KING: I'm not in a position, I work in Washington, D.C. I'm not in a position to define what the people of Alaska view as a legitimate issue or a petty issue, but I would just simply ask you this. You take issues sometimes with Lisa Murkowski's record, her voting record as a taxpayer paid member of the United States Senate. Is it not fair game to look at your history as a taxpayer paid attorney, anything and everything you did on a public pay roll as a public servant? MILLER: Well the event in question is something that happened on my time off. It was during a lunch hour, so frankly there's not a direct correlation to that.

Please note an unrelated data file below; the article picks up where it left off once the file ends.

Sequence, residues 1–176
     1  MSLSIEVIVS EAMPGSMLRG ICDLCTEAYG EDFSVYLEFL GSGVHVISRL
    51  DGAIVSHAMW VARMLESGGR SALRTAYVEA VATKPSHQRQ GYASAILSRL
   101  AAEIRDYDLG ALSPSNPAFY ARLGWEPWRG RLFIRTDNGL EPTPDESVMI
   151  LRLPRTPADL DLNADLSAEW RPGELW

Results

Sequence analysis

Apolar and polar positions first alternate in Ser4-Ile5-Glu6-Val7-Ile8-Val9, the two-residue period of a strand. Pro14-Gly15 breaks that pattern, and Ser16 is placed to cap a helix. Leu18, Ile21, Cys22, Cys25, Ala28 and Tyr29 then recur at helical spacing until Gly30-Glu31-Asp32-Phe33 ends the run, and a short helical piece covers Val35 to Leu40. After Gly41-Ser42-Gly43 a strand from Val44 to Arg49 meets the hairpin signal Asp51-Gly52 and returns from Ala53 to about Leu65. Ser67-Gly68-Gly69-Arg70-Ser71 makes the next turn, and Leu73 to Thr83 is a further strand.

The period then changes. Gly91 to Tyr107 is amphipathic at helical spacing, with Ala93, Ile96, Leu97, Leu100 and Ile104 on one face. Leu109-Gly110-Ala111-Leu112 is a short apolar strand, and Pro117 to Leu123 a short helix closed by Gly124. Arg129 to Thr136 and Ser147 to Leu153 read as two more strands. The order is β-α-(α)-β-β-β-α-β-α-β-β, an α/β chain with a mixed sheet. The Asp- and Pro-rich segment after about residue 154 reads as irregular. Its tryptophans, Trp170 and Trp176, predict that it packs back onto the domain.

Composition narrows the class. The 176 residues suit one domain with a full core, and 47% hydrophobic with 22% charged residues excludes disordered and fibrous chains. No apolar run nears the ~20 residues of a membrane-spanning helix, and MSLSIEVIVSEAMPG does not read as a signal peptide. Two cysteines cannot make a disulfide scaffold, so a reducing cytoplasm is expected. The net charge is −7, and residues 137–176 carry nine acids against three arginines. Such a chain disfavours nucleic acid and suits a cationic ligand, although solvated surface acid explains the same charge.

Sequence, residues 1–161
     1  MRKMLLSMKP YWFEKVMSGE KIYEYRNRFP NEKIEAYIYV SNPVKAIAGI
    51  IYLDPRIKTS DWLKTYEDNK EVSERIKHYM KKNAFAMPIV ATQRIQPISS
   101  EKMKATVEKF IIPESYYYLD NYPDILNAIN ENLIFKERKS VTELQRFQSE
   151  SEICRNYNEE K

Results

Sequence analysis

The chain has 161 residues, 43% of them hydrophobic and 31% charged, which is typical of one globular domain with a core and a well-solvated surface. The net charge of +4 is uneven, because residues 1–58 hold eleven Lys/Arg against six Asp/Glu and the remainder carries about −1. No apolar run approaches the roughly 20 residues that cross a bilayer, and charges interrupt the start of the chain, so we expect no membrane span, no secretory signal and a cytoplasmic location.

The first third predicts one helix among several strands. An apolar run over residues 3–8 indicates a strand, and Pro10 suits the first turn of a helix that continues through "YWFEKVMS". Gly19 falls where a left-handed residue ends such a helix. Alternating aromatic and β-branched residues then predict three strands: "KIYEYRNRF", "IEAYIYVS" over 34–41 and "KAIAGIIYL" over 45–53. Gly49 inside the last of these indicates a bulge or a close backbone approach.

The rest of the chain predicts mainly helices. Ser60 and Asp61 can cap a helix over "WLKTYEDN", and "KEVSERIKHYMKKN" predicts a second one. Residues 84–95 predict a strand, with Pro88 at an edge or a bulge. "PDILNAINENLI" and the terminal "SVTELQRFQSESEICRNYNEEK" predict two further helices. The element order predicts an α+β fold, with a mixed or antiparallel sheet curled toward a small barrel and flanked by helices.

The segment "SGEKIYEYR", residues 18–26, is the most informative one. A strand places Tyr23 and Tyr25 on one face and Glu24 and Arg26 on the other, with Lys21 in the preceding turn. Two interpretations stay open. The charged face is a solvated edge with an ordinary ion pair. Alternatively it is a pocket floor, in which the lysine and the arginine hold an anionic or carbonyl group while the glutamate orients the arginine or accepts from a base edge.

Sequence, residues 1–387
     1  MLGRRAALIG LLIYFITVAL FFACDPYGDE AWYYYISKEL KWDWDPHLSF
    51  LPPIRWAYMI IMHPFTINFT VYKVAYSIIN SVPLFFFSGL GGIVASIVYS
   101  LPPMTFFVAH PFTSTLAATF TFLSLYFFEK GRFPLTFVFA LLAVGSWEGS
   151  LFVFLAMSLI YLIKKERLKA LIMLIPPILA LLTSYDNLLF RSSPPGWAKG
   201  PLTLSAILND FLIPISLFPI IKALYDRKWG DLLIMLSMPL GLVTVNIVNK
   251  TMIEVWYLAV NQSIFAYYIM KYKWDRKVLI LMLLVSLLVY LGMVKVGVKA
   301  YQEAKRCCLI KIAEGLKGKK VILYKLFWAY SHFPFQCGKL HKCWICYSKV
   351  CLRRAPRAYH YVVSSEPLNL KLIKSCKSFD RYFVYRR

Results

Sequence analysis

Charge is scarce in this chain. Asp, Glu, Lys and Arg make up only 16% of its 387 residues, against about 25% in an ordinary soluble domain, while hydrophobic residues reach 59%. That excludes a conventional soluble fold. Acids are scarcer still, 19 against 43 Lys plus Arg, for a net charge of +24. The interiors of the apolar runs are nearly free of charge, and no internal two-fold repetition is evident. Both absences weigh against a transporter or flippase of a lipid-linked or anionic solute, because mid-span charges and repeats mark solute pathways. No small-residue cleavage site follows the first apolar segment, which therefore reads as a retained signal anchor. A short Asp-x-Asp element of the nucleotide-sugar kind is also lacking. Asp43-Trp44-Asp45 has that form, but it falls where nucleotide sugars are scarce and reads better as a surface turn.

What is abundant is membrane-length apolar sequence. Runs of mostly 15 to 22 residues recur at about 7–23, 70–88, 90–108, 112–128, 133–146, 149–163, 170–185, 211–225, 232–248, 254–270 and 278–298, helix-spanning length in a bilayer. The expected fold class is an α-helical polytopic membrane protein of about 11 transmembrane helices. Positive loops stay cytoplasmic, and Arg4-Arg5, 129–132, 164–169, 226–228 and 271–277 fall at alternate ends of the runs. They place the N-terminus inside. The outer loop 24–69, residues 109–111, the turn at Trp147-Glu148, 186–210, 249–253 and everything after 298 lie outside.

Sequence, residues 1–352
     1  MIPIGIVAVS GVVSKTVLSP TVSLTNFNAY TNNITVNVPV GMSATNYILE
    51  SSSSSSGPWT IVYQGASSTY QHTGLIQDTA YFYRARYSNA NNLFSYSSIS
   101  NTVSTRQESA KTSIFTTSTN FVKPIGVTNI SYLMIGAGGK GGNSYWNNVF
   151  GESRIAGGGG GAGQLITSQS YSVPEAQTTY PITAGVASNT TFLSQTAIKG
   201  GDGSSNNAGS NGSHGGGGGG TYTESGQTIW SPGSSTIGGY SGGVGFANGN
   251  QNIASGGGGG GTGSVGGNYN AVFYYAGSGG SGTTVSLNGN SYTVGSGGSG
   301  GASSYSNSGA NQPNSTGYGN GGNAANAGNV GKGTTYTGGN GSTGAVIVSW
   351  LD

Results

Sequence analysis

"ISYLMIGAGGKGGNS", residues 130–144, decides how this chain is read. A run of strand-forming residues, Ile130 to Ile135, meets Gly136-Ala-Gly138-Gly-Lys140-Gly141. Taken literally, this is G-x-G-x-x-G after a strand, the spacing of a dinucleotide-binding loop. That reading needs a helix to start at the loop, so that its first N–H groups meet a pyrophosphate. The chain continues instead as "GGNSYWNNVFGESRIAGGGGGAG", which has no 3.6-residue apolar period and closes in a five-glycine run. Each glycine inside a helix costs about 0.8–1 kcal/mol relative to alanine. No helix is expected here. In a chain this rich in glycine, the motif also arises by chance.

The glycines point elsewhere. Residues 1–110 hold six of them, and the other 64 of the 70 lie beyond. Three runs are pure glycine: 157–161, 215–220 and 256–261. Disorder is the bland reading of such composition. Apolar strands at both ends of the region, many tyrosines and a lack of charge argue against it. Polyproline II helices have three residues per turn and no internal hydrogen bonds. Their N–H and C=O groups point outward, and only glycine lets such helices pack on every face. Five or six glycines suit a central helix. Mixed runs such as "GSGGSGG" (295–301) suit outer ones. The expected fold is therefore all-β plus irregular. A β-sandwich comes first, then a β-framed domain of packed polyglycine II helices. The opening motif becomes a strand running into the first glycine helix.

KING: As you know, someone who takes the oath and takes a public trust and works in any kind of public service, you have a bar of accountability in ethics. A member of the United States Senate, for example, if Lisa Murkowski wants to raise money, she has to leave the office. She can't make that fundraiser call on a taxpayer funded phone. She has to go somewhere else and use a private phone. The question in your case, you said this happened on your lunch hour. Were you disciplined for doing something on your lunch hour maybe you thought was right but that the mayor or someone else thought was wrong, was a violation?